The Day of the Lord Draws Near

Icon of Our Lord Jesus Christ Not-Made-by-Hands

Icon of Our Lord Jesus Christ Not-Made-by-Hands

My beloved spiritual children in Christ Our Only True God and Our Only True Savior,


By Saint Gregory the Great (+540-603)

Our Lord and Redeemer, desiring to find us prepared, warns us of the evils that are to accompany the end of the world, so that He may keep us from the love of it. He makes known the disasters that will herald its approaching end, so that should we be unwilling to serve God in times of tranquility, we may be made fearful by these happenings, at least be anxious concerning the judgment now at hand.

For a little prior to this passage of the holy Gospel which you, my brethren, have just heard, the Lord forewarned us saying: "Nation shall rise against nation and kingdom against kingdom. And great earthquakes shall be in divers places, and famine, and pestilence, and fearful sights and great signs shall there be from heaven" (St. Luke 21:10-11). Then having said certain other things in between, He adds this warning which you have just now heard: "And there shall be signs in the sun, and in the moon, and in the stars; and upon the earth distress of nations, with perplexity; the sea and the waves roaring" (St. Luke 21:25). From among all these things we now see that some have already come to pass; the other that now fill us with dread are to come in the future.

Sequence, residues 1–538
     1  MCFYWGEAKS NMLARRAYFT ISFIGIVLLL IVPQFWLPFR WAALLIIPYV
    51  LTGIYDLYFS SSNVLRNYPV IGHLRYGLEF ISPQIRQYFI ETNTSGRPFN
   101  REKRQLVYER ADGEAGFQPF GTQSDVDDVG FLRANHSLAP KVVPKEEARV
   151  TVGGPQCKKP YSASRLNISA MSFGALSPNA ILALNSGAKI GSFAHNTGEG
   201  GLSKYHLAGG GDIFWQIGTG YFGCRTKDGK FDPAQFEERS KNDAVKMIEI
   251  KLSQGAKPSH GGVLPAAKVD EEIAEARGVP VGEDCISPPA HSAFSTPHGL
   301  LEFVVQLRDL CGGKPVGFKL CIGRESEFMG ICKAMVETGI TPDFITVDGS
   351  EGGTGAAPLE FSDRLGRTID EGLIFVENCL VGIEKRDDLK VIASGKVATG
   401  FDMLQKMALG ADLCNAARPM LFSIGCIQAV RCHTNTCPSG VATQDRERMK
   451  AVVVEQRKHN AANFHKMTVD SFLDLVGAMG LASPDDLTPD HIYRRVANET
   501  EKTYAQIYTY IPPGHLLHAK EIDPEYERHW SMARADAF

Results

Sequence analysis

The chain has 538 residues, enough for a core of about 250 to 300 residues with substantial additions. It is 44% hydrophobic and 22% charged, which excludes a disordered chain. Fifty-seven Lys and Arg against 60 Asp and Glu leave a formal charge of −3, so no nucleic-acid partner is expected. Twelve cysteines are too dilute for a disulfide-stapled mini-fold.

For we behold nation rising against nation, and their distress prevails upon the earth, more now in these our times than we have read of in history. You are aware of how frequently we have heard from other parts of the world that earthquakes have devastated innumerable cities. Pestilences we suffer without ceasing. Signs in the sun and moon and stars we have not yet clearly beheld: but that these are not far off we gather from the alteration of the heavens...

"...We tell you these things, dearest brethren, in order that your souls may awaken to an eagerness for security, and lest you become torpid in a security that is false, and become lax through ignorance of Christian truth, but rather that you may become solicitous, and that anxiety may strengthen you in doing good, reflecting on this which the voice of the Redeemer added: "Men's hearts failing them for fear, and for looking after those things which are coming on the earth; for the powers of heaven shall be shaken" (St. Luke 10:26).